Most Scots believe in the power of prayer
Most Scots believe that prayer can change the world, that there is life after death, and not everything can be explained by science.
A new report of attitudes towards faith and belief in Scotland also warns of a potential “new sectarianism” as a gap appears to be opening between religious and non-religious people.
Experts recommend setting up a national advisory board to address areas of concern.
The issues around religion in public life are creating a new tension and dynamic in Scotland and it is important that we minimize unnecessary division for the sake of a more inclusive Scotland.
The University of Edinburgh report, Faith and Belief in Scotland, was commissioned by the Scottish Government to help councils provide services for people of religion and belief.
More than 1400 people from across the country were asked questions relating to current ethical issues. The major faith groups and the philosophical belief systems of secularism and humanism were represented.
Of the respondents 66 per cent said there were things in life that science cannot explain. Some 58 per cent said that prayer can have a real effect on the world, and 54 per cent believed in life after death.
Almost half (48 per cent) said that same-sex couples with no religious affiliations should not be allowed to marry in a religious place of worship. Less than a quarter (23 per cent) believed they should.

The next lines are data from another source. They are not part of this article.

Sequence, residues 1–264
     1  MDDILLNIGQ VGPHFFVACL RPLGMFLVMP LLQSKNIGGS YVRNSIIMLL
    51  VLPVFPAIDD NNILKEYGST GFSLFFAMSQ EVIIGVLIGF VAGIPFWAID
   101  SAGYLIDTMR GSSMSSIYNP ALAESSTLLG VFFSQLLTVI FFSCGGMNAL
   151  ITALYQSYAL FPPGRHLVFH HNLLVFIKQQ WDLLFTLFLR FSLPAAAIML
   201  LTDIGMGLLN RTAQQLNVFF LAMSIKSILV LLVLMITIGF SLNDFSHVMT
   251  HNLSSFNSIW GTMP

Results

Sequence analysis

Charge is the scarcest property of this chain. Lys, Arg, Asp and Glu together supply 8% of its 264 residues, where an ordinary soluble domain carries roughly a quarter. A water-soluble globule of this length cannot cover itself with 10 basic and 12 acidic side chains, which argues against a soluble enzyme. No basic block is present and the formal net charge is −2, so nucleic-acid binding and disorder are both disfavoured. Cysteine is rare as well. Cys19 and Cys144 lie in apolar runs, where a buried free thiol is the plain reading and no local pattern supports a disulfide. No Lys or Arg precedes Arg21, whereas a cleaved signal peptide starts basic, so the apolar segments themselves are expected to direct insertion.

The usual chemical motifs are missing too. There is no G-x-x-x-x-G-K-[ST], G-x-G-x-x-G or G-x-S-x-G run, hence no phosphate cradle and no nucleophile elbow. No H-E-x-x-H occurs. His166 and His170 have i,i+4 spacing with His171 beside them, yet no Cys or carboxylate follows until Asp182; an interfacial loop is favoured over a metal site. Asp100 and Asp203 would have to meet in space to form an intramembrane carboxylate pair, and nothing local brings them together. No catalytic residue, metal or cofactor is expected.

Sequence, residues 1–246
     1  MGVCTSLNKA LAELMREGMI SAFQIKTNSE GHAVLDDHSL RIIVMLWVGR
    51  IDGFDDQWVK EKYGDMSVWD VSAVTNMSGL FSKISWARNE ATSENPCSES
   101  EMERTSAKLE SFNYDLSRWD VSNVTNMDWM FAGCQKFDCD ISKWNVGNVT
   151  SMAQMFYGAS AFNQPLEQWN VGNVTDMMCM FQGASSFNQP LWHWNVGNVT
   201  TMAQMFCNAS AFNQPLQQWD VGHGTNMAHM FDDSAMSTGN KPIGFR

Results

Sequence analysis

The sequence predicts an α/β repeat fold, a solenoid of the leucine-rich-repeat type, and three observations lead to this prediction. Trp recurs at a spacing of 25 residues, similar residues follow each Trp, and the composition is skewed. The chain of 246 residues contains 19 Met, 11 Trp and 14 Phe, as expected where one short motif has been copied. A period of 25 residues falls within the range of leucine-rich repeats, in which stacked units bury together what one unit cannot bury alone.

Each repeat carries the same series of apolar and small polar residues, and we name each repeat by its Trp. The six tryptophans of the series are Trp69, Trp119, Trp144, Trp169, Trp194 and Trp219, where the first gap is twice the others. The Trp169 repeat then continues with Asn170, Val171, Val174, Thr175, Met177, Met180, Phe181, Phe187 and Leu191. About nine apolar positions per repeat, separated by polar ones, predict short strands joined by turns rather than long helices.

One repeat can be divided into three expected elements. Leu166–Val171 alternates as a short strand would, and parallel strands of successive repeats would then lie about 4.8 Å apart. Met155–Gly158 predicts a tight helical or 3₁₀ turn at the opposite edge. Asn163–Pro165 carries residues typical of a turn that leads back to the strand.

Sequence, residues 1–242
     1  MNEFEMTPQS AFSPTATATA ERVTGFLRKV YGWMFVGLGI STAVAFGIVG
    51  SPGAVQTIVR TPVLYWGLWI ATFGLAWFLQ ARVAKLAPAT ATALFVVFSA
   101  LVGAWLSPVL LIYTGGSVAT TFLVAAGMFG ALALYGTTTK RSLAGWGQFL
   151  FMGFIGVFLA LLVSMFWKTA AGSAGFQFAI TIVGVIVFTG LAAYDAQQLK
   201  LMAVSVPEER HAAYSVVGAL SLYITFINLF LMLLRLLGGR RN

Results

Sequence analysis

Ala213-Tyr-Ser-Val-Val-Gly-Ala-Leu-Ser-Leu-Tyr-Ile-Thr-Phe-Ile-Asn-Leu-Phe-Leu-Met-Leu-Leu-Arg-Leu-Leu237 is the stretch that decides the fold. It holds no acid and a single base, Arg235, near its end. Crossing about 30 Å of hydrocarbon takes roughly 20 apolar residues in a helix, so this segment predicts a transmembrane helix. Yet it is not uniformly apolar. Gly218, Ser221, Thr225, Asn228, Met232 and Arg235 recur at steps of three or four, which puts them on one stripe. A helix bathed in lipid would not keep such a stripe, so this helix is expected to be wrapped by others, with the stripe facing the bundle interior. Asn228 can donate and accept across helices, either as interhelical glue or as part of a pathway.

However, if same-sex couples had a religious belief, half (50 per cent) thought they should be allowed to marry in a place of worship. Only 29 per cent objected.
The majority (63 per cent) said that a nurse should be allowed to opt out of performing an abortion on the grounds of their faith or belief, with 18 per cent stating that abortion is wrong in all circumstances.
Most Scots (59 per cent) felt that their own beliefs were misunderstood by the wider community, with three-quarters (76%) saying that it was important people learn more about their world view.
An interactive map showing how the social attitudes of people of religion and no religion varies across Scotland is available online.
The study revealed a relationship between polarised social attitudes and poor understanding which raises some fundamental questions about the current nature of public discourse. Further research needs to be carried out to better understand this.